In response to the community’s needs, USAID through the Community Water and Sanitation Facility, is helping to broker a public-private alliance with the Ministry of Health, Panama Canal Authority, the National Institute for Water and Sanitation, the Municipality of Panama, two local businesses and the community to construct sewerage lines and a treatment plant. This partnership, when fully implemented, will help protect the Panama Canal watershed and tap into local capital financing by scaling up the intervention into other communities in the watershed. The leverage is expected to be 4:1 with a substantial contribution from local private businesses of over $1 million.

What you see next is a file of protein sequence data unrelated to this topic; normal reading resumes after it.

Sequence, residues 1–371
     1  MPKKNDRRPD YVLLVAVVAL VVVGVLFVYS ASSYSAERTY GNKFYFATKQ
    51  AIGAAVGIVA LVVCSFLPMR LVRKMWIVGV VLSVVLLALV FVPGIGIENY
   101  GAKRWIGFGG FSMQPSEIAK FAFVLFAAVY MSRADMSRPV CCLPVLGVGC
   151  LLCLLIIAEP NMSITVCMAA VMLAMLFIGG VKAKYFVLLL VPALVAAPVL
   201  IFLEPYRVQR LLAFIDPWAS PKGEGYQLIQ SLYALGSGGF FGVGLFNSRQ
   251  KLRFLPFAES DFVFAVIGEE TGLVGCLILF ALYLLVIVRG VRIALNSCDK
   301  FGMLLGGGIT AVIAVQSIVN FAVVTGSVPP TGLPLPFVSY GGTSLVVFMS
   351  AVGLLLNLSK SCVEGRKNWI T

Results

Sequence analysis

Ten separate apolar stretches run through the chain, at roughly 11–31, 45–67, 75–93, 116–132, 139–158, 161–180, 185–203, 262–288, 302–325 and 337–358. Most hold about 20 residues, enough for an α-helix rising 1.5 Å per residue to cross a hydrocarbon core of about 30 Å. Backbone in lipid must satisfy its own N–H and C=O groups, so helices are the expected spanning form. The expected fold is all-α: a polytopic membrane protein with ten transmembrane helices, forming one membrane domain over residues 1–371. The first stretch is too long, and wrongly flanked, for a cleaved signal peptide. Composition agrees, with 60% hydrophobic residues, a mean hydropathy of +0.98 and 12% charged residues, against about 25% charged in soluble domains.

USAID/India is working with Shelter Associates, a community-based organization representing slum dwellers in Sangli, to construct toilets for the use of 25,000 persons. The objectives of the proposed activity are:
- to develop community-level toilet construction and management plans in consultation with local government authorities,
- to assist the municipality in implementing the community-level plans, and
- to begin the preparatory work for a citywide slum upgrading strategy.
The Facility will be asked to fund technical assistance and construction materials for public toilets. The leverage is expected to be 2:1.
The $2 million U.S. contribution, when combined with support from other Cities Alliance members, is expected to meet the funding target of $4 to $10 million over five years. It is anticipated these resources will mobilize more than $60 million from public and private partners for water and sanitation access in slum communities.
Boil the water for at least 10 minutes OR add bleach to the water